Sunday 17 December 2017

Turmoil of Italy vote threatens survival of the euro

The euro’s survival is under increased threat following the political instability caused by the Italian referendum result, German business bosses warned yesterday, raising further questions about the long-term viability of Italy’s membership of the currency union. File image. Photo: Andrea Comas/Reuters
The euro’s survival is under increased threat following the political instability caused by the Italian referendum result, German business bosses warned yesterday, raising further questions about the long-term viability of Italy’s membership of the currency union. File image. Photo: Andrea Comas/Reuters

Barney Henderson

The euro's survival is under increased threat following the political instability caused by the Italian referendum result, German business bosses warned yesterday, raising further questions about the long-term viability of Italy's membership of the currency union.

Ulrich Grillo, head of the Federation of German Industries, or BDI, said the crushing defeat handed to Italy's centrist Prime Minister Matteo Renzi had worsened the outlook for the survival of the currency.

"The risks of a new political instability for economic development, the financial markets and the currency union are increasing further," he said.

The Centre for Economics and Business Research (CEBR), a leading economics consultancy, said that following the vote it now estimated the chances of Italy staying in the euro for the next five years had fallen below 30pc.

The CEBR said the bitter three-month campaign had demonstrated Italian voters would not tolerate indefinitely the chronic unemployment, stagnant wages and Brussels-imposed austerity that now came with euro membership.

"There is no doubt that Italy could stay in the euro if it were prepared to pay the price of virtually zero growth and depressed consumer spending for another five years or so," the group said in a note.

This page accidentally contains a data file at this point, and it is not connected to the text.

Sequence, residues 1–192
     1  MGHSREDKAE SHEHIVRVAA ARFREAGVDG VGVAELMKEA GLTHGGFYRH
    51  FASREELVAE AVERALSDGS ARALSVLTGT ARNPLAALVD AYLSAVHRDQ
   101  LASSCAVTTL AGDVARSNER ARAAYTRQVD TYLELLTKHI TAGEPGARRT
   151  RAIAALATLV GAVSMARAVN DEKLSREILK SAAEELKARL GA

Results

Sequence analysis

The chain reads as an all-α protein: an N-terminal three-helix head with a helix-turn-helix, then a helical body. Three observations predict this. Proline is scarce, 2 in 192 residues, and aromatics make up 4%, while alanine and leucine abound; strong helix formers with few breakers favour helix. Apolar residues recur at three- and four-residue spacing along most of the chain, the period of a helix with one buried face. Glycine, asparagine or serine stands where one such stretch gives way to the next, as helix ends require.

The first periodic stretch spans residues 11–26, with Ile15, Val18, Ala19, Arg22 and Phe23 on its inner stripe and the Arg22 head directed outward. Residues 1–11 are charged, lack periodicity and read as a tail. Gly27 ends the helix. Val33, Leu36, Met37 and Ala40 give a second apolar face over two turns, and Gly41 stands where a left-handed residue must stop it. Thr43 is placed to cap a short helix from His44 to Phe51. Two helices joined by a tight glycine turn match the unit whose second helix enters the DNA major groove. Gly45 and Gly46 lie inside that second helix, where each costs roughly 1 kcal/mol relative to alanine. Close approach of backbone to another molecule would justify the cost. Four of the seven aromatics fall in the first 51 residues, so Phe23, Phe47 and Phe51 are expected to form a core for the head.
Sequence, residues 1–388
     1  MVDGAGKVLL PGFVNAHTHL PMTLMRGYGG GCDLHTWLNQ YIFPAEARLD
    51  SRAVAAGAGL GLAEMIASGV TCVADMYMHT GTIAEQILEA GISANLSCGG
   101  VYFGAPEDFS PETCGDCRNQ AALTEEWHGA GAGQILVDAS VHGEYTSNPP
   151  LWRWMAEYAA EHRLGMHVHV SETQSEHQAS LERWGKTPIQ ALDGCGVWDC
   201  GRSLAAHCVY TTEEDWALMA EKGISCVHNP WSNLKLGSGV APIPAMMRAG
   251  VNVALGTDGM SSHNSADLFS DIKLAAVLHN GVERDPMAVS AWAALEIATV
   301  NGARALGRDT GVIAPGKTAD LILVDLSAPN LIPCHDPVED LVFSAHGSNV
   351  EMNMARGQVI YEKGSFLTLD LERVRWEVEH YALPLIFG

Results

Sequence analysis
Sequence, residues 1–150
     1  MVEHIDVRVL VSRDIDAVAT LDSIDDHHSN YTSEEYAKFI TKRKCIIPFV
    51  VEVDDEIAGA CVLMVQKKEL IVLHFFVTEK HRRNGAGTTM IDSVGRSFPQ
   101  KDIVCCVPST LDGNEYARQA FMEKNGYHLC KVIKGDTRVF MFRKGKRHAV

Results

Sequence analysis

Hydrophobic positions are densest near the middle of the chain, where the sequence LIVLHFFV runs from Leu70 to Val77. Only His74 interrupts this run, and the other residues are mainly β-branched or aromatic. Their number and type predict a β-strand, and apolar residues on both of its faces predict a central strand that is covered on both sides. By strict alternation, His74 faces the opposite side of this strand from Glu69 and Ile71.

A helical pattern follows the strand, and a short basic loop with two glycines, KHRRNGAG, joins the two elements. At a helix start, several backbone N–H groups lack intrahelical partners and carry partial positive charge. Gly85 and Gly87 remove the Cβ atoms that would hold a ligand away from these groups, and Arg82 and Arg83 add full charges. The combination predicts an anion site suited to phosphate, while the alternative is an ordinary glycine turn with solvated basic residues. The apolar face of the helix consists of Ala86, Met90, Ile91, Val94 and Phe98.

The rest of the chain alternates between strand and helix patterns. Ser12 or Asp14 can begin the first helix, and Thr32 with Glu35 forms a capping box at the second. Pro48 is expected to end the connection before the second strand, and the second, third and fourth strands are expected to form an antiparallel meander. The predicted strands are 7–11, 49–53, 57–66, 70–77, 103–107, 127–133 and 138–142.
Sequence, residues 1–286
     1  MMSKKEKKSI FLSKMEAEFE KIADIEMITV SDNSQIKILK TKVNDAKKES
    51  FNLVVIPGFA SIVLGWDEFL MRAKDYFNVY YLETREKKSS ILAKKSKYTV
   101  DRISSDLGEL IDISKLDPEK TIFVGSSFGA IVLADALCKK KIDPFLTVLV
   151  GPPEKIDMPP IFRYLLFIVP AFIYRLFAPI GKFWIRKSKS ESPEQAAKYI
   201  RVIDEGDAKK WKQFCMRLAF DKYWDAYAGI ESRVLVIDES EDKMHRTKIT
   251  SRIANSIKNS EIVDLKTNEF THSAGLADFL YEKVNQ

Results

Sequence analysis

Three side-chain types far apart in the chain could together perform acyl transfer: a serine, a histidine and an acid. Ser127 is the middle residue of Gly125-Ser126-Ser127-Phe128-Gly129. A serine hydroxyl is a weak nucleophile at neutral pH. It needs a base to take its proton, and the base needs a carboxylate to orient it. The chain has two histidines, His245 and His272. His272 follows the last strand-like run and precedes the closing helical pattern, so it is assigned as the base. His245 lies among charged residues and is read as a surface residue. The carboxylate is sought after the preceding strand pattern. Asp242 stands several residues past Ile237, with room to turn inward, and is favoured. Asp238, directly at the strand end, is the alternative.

"But that is asking a lot of an increasingly impatient electorate. We think the chances of their sustaining this policy are below 30pc."

European leaders did their best to put a brave face on the loss of a prime minister who had embraced European economic reforms, but whose back-me-or-sack-me call over the referendum was rejected by an emphatic 59pc to 41pcmargin.

German chancellor Angela Merkel said she was saddened by Mr Renzi's defeat, having supported his reforms, but said Europe would continue on its current course, regardless.

"From my point of view, we will continue our work in Europe and we have set the right priorities," she said. Frank-Walter Steinmeier, the German foreign minister, gave a franker assessment, conceding that the rejection of Mr Renzi was "not a positive development in the case of the general crisis in Europe".

Manfred Weber, the leader of the main conservative group in the European Parliament, said success of populist forces such as Italy's Five-Star Movement and anti-immigrant Northern League heralded a new phase of instability in Europe.

Britain's decision to leave the European Union had started the bloc's "disintegration", Italy's minister for European affairs said last night.

Sandro Gozi, an ally of outgoing Italian Prime Minister Matteo Renzi, said his country was facing a "period of uncertainty" following the vote this weekend to reject a planned constitutional reform.

The centre-left Democratic Party minister argued that the referendum defeat represented a missed opportunity to reform European institutions and save the EU from falling apart.

"I think that the beginning of European disintegration has started with Brexit," Mr Gozi told BBC Radio 4's Today programme.

"It is up to the other 27 governments to re-launch Europe. That was our policy, that was our goal as the Renzi government.

"It is clear that now Europe loses a major political actor to its relaunch."

Speaking on the same programme, a spokesperson for the Five-Star Movement took aim at the European single currency.

"The euro is a problem for Italy right now and we would like to get people's voices on that because we never did," Daniele Caprera said.

"There were so many promises made by the old politics which people believed. I think the euro is damaging the Italian economy." (© Daily Telegraph London)

Telegraph.co.uk

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